Figure 2-24 shows the triangular architects
scale. Also shown are segments of each of the
eleven scales found on this particular type of scale.
Notice that all scales except the 16th scale are
actually two scales that read from either left to
right or right to left. When reading a scale
numbered from left to right, notice that the
numerals are located closer to the outside edge.
On scales that are numbered from right to left,
notice that the numerals are located closer to the
Architects scales are open divided (only the
main divisions are marked throughout the length)
with the only subdivided interval being an extra
interval below the 0-ft mark. These extra
intervals are divided into 12ths. To make a scale
measurement in feet and inches, lay off the
number of feet on the main scale and add the
inches on the subdivided extra interval. However,
notice that the 16th scale is fully divided with its
divisions being divided into 16ths.
Now lets measure off a distance of 1 ft 3 in.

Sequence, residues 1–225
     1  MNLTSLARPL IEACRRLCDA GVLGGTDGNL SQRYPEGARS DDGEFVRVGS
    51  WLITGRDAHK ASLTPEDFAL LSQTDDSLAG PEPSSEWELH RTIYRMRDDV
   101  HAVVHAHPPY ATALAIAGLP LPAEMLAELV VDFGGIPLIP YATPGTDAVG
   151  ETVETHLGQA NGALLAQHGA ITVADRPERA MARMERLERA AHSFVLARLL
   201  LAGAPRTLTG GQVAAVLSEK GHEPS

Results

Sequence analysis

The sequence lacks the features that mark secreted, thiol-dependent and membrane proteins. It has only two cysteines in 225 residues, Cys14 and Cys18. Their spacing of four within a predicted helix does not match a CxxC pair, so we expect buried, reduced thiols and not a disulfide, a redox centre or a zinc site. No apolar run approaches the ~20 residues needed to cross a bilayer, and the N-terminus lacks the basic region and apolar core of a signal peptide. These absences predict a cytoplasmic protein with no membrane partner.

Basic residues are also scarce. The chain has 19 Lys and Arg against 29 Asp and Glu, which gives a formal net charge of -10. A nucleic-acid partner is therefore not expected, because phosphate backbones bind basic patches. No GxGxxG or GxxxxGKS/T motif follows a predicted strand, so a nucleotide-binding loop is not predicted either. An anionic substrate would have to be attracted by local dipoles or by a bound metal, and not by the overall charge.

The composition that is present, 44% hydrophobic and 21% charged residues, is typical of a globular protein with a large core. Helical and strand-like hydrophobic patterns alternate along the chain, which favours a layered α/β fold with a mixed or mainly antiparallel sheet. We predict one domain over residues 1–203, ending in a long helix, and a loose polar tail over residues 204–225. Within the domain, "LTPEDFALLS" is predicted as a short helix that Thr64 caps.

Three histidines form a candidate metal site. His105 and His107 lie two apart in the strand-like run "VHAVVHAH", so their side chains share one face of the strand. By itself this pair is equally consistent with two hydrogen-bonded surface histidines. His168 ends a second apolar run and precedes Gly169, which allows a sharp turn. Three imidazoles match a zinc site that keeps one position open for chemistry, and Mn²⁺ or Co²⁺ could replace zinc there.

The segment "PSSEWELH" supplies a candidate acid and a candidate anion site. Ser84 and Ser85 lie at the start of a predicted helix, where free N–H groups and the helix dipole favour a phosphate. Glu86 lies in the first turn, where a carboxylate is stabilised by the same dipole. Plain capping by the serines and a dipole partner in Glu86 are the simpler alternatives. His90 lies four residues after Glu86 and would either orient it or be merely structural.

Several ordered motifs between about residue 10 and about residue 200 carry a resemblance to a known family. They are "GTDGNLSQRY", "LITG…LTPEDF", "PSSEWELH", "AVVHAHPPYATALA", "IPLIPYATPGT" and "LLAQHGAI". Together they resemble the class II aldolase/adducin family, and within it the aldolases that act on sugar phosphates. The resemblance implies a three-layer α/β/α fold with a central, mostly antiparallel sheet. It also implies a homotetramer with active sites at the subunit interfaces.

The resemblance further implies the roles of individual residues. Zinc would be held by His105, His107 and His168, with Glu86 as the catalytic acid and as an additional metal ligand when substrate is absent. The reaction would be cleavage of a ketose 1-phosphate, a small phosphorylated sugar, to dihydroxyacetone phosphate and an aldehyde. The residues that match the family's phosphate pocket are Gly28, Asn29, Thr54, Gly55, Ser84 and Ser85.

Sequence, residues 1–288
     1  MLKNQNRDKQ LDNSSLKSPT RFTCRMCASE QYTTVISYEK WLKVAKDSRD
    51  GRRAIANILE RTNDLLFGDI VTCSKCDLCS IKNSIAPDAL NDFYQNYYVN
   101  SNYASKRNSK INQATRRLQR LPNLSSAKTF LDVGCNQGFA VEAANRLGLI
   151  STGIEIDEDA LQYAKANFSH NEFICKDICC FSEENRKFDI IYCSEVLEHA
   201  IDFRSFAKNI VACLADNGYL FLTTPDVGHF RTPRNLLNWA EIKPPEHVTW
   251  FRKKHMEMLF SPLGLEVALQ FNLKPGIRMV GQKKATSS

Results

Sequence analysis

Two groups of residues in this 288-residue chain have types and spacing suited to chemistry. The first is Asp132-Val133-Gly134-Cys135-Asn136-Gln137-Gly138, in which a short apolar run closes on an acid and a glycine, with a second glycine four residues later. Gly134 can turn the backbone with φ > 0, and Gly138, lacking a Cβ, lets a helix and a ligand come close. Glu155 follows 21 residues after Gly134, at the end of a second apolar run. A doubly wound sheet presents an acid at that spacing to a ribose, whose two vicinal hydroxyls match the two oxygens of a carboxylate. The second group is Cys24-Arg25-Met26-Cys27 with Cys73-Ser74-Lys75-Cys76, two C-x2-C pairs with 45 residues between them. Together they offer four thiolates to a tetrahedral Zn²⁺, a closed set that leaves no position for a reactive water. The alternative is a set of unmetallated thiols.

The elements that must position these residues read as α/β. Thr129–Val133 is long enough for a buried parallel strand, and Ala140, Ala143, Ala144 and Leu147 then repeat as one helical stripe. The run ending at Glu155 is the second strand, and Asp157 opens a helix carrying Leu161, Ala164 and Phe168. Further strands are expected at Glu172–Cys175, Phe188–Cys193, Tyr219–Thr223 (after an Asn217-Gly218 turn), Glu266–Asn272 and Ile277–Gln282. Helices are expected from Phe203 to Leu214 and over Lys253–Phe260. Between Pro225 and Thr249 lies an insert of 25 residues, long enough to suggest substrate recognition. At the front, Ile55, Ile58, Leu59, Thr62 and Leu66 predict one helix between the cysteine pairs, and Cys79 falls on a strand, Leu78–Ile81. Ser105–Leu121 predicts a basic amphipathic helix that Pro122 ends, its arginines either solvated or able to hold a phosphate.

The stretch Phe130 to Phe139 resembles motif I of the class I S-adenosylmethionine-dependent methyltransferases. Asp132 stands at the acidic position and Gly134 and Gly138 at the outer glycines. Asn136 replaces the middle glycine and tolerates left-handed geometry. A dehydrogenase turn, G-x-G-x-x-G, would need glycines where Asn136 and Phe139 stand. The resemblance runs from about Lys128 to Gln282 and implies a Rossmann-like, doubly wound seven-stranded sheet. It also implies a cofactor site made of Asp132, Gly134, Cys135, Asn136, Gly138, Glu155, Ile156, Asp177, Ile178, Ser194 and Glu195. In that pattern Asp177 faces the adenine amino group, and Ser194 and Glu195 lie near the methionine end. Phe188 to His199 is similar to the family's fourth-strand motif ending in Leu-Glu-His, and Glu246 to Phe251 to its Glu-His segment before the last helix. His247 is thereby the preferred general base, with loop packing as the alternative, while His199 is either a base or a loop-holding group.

to see how each scale is read and how the scales
compare to one another. (Refer to fig. 2-24.) Since
the graduations on the 16th scale are subdivided
into 16ths, we will have to figure out that 3 in.
actually is 3/12 or 1/4 of a foot. Changing this
to 16ths, we now see we must measure off 4/16ths
to equal the 3-in. measurement. Note carefully the
value of the graduations on the extra interval,
which varies with different scales. On the
3 in. = 1 ft scale, for example, the space between
adjacent graduations represents one-eighth in. On
the 3/32 in. = 1 ft scale, however, each space
between adjacent graduations represents 2 in.
The scale 3/32 in. = 1 ft, expressed fraction-
ally, comes to 3/32 = 12, or 1/128. This is the
smallest scale provided on an architects scale. The
scales on the architects scale, with their fractional
equivalents, are as follows:
The chain, or civil engineers, scale, commonly
referred to as the ENGINEERS SCALE, is
usually a triangular scale, containing six fully
divided scales that are subdivided decimally, each
major interval on a scale being subdivided into
10ths. Figure 2-25 shows the engineers scale and
Figure 2-25.-Engineers scale.